The top five moments in the Crosstown Rivalry

Traveler the horse prepares to take the field.
The Trojans lead the Bruins 50-33 with 7 ties in the Crosstown Showdown. The Trojans won the first matchup between the two 76-0 in 1929. (Tahla Rafique | Daily Trojan)

The latest installment of the storied history between the Trojans and Bruins is upon us. Over the years, the matchup has provided fans with many memorable moments. With another installment set to take place on Saturday, here are the top five moments in the history of meetings between the two schools.

Reggie Bush rushes for 260 yards, USC beats UCLA 66-19

Although USC’s victories were vacated in the 2005 season, the matchup between USC and UCLA featured the No. 1 Trojans against the No. 11 Bruins in a game in which USC’s offensive dominance was on full display. USC scored its second highest point total of the season with 66 and was led by the dominant play of quarterback Matt Leinart and running back Reggie Bush. Leinart threw for 233 yards and 3 touchdown passes and Bush ran for 260 yards and scored 2 rushing touchdowns.

Bush’s 260 yard performance came in a season in which he ran for 1,740 yards and 16 touchdowns. Bush’s performance against the Bruins was the second time he rushed for over 200 yards in the 2005 season and one of eight games in which he ran for at least 100 yards. Leinart finished the regular season with 3,450 yards passing and 27 touchdowns with a 158.3 passer rating. USC finished the season with a 12-1 record. 

Unranked UCLA stuns No. 2 USC in 13-9 upset victory

One year after UCLA suffered a 66-19 loss at the Los Angeles Memorial Coliseum, the Bruins returned the favor to the Trojans in the 2006 season. USC came into the game at the Rose Bowl with a 10-1 record on the season, with their only loss coming against the Oregon State Beavers. UCLA got their revenge on USC by holding them to a season low for points scored in a 13-9 victory.

The Trojans’ only score was a rushing touchdown by running back C.J. Gable. The win snapped the Bruins’ seven-game losing streak against USC and ensured that the Trojans would not make an appearance in the Bowl Championship Series title game that season.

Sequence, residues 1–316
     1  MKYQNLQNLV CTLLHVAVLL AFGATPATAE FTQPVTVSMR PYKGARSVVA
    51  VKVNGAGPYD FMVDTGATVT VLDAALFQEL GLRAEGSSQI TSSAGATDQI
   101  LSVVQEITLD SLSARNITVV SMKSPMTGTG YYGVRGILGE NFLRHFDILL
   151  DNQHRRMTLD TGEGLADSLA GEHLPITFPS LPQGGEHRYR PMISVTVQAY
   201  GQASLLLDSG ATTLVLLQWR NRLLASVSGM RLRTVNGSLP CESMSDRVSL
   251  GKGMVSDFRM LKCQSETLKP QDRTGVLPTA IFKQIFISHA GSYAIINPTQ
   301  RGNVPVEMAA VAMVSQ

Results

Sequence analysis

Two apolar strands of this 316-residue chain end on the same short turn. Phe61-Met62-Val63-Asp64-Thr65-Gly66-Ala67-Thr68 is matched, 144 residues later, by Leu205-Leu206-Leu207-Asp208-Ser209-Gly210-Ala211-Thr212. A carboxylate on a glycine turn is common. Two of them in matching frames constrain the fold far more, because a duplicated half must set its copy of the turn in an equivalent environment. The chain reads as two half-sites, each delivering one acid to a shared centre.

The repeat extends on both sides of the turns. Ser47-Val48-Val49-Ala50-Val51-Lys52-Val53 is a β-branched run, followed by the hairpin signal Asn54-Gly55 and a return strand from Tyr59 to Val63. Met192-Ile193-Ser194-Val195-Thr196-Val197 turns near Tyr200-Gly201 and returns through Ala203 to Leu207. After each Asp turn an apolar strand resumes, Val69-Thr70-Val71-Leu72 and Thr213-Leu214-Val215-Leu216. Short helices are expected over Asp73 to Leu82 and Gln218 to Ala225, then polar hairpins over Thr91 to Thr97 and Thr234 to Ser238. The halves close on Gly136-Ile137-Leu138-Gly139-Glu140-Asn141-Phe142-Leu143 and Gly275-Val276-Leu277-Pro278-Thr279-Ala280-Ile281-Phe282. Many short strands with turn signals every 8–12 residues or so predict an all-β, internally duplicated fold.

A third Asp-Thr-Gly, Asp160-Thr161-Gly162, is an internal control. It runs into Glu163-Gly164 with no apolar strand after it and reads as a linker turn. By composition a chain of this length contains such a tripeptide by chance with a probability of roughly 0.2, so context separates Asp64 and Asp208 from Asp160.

USC shuts out UCLA 50-0

The Trojans entered 2011’s matchup against the Bruins having won four straight clashes. USC not only won, but won in a shutout. USC scored 50 points as quarterback Matt Barkley put up his second-highest passing yardage total of that season with 423. It was also the second time in the 2011 season Barkley threw 6 touchdown passes. Barkley finished the regular season with 3,528 passing yards and 39 touchdown passes.

Wide receiver Marqise Lee had a season high 224 yards, ending his season with 73 receptions for 1,143 yards and 11 touchdowns. Wide receiver Robert Woods’ 12 receptions on the day helped him set the conference single-season receptions record, finishing the game with 113 yards and 2 touchdowns. USC outgained UCLA in yards as the Trojans had 572 yards of offense compared to the Bruins’ 385.

Pete Carroll’s first victory over UCLA as Head Coach

In the 2001 season, USC started 1-4 under first year Head Coach Pete Carroll, but went on to finish the regular season winning five of their last six games. The last victory of the season for the Trojans was a 27-0 shutout over the Bruins, wherein quarterback Carson Palmer threw for 180 yards and one touchdown and USC’s defense forced 3 turnovers.

USC held quarterback Cory Paus to just 45 passing yards and 2 interceptions. After Paus was pulled by UCLA, USC’s defense also forced a third interception against backup quarterback Scott McEwan. Carroll’s first victory over the Bruins was a sign of things to come as USC finished the 2002 season with an overall 11-2 record and victory over Iowa in the FedEx Orange Bowl. Following that season, the Trojans would go on to win consecutive national championships in 2003 and 2004.

No. 1 UCLA Bruins and No. 2 USC Trojans face off in “The Game of the Century”

In the 1967 matchup between the Trojans and Bruins, a lot was at stake between the two teams. UCLA quarterback Gary Beban and USC running back O.J. Simpson were No. 1 and No. 2 in the race for the Heisman Trophy and the game certainly lived up to the hype. The Trojans won 21-20 in comeback fashion. Beban finished the game with 301 passing yards, and Simpson finished the game with 30 carries for 177 yards and 2 touchdowns. 

Following the game, USC went on to beat the No. 4 Big Ten Champion Indiana Hoosiers in the 1968 Rose Bowl. Simpson, however, came up short in his Heisman campaign, as Beban won the award.